January 30, 2021
My father, Henry Brahinsky, and Gloria were great friends and musical colleagues in decades long past. Gloria and my dad loved playing violin duos together and even made a few recordings, including a quite wonderful rendition of a Leclair sonata that I treasure to this day. The story of her life and career is awe-inspiring, and I only wish I had known her better.
December 23, 2020
An AMAZING Violinist, cherished Friend and Dallas Symphony Orchestra Colleague, Gloria Stroud, passed from this earthly existence, to receive her Heavenly Reward, on 12/16/2020.
Gloria was an “Institution” in the Dallas Symphony’s 1st Violin Section and a Powerhouse on the Violin, which took her to Juilliard, SMU, and the Pacific, as a member of the ONLY “All-Women” String Quartet, performing for US Troops, during WWII.
To me, Gloria was the Definition of Elegance, Strength and Feminism, NEVER afraid to speak her mind and pursue what she thought was True, Right and Just, no matter who might disagree!!
Gloria took great pride in her Violin playing and always sought to promote those who were Up-and-Coming❤️
I will MISS your Wisdom, your Friendship, your Humor and your sense of Justice andEquality❤️
PLAY your beloved Violin for the ENTIRE Heavenly Host, for your Heavenly Family and Friends, and for ALL of us, who have been touched by your Light, in life❤️
With enduring Love and Peace❤️
December 22, 2020
I played extra with the DSO starting in the mid 1970’s. I was a percussionist and a sub, so pretty much at the bottom of the totem pole but Gloria sought me out from my first rehearsal with the DSO, introduced herself, and always made a point of engaging with me backstage or on tour. She was welcoming, gracious, friendly, and probably the classiest person I have ever known.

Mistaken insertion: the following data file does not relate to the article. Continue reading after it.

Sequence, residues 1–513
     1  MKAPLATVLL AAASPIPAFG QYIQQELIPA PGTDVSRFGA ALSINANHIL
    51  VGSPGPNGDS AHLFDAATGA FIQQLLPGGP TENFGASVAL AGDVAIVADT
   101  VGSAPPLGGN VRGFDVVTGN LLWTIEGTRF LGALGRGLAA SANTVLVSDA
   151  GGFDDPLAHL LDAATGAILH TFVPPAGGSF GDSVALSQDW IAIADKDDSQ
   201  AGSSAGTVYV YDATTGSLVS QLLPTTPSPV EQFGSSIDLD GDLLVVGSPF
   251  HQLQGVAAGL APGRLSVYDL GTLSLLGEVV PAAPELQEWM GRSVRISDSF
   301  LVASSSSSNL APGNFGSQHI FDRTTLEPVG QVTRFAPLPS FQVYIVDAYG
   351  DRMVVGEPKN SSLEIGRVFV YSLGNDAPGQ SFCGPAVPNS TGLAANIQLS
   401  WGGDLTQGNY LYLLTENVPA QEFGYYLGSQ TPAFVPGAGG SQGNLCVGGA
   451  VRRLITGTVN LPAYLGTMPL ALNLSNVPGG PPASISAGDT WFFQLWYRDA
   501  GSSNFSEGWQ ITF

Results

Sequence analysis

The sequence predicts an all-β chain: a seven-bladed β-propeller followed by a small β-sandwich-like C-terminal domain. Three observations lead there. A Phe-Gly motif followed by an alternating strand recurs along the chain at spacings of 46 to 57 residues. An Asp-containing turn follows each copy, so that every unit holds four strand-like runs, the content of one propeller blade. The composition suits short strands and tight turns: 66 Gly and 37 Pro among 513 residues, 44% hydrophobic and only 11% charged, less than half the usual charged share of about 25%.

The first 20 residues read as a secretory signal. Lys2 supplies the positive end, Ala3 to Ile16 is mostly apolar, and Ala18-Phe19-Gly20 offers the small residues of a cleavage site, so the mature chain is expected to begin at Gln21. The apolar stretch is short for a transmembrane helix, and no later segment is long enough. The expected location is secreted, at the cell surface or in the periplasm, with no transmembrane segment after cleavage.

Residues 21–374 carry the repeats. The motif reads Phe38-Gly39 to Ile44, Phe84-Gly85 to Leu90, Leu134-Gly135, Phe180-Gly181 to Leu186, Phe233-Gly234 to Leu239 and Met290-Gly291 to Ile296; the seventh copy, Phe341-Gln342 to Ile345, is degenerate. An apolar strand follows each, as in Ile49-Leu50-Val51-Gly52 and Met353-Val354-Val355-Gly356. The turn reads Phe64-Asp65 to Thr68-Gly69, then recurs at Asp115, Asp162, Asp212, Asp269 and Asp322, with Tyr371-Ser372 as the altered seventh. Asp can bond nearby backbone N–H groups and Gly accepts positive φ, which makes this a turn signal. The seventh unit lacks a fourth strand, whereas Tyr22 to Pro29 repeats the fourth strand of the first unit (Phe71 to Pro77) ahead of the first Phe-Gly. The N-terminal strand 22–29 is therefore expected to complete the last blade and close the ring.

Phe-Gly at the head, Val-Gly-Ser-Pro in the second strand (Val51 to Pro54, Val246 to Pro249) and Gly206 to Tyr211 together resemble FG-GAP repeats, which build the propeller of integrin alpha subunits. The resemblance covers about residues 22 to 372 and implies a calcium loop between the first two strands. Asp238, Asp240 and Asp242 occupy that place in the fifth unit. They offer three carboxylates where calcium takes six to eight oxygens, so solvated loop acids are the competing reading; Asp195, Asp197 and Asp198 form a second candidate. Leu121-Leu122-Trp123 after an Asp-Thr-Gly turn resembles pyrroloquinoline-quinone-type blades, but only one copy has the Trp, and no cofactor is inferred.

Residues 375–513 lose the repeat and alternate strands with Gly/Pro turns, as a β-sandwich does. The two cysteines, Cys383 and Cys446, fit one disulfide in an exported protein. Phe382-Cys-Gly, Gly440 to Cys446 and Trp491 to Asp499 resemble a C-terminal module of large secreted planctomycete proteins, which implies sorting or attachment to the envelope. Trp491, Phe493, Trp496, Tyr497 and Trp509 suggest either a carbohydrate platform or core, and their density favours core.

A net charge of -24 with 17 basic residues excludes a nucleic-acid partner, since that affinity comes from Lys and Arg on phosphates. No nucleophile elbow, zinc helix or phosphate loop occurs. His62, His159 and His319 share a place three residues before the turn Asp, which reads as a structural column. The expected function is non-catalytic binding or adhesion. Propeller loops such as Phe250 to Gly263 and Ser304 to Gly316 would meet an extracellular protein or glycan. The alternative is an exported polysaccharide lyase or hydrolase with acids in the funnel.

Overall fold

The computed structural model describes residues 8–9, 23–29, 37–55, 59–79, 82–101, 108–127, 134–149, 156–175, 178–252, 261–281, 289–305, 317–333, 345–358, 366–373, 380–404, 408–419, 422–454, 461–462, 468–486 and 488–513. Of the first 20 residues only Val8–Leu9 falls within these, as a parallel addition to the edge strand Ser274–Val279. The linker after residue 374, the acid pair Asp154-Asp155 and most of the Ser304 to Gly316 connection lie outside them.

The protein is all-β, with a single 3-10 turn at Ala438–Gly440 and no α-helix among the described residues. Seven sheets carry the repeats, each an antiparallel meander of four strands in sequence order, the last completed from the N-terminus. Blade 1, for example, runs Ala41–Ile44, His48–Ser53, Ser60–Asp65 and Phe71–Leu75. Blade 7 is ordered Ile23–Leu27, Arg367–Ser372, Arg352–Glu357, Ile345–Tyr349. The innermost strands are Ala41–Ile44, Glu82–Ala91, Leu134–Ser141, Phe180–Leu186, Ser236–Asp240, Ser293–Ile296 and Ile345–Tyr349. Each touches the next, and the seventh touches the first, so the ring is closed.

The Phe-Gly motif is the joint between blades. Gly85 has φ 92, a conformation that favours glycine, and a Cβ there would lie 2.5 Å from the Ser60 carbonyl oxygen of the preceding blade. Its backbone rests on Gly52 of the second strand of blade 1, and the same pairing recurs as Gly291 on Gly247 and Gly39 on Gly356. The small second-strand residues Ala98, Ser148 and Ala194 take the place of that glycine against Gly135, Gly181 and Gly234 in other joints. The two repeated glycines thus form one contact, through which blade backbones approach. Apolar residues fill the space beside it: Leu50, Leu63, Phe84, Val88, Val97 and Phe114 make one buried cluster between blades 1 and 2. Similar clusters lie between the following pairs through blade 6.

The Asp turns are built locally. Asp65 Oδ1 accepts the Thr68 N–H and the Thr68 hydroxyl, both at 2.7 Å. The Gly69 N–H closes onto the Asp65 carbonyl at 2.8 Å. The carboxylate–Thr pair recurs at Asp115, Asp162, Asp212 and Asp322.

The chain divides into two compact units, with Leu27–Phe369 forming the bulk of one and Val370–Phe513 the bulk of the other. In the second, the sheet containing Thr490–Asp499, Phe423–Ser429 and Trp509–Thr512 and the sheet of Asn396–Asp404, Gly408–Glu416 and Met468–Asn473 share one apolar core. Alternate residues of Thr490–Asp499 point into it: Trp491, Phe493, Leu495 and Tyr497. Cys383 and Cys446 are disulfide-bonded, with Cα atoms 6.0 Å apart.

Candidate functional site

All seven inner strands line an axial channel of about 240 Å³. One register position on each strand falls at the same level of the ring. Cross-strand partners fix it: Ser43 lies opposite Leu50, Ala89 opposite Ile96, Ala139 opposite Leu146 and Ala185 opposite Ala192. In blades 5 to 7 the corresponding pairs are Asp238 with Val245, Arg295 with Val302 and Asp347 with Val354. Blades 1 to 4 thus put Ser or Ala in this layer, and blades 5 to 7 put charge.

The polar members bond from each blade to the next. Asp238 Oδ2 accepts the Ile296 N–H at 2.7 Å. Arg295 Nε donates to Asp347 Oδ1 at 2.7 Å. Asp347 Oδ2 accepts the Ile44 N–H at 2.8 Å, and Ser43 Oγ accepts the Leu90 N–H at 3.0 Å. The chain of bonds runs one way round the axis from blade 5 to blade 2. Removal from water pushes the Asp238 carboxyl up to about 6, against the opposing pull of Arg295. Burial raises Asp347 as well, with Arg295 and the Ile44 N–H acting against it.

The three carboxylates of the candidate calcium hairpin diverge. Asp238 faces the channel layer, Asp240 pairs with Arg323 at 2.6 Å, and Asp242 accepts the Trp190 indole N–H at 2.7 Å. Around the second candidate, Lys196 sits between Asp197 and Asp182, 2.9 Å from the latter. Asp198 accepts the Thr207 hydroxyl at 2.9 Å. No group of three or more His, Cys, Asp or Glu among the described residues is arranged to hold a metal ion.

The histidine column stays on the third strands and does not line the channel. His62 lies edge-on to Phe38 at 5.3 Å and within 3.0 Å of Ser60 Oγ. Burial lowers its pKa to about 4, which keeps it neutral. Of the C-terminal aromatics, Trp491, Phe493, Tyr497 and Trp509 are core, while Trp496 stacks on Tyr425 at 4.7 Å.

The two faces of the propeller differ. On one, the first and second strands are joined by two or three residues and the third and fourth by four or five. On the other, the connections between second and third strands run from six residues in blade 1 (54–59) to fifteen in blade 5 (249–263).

Jean Larson Garver
December 22, 2020
I will always remember Gloria as the lovely, kind person who took the time to welcome me to the Dallas Symphony on my first day back in September 1971. She remained one of the most loyal and gracious members of the orchestra over the many years that she served as first violinist. Even after she retired, I looked forward to her visits backstage each week, where she was always so complimentary and supportive of her former colleagues. I also loved her beautiful gift of style and clever sense of humor. She will be missed!
Jean Larson Garver
December 22, 2020
I joined the DSO the year after Gloria retired, in 1992. I quickly got to know her however, as she was very outgoing and remained active serving the orchestra. I remember her seeking me out during my first season to welcome me and to express her admiration for my playing. I think she was just being nice, as was her way, but it made me feel really good. Gloria and I worked together on several things involving the DSO over the years and she always called, or wrote me a private note of appreciation. Gloria is one of the classiest people I have ever known. I truly appreciate the way she lived her life. She made this world a better place and will be missed greatly by many. I feel very fortunate to have been a small part of her life. My sincere condolences to the family.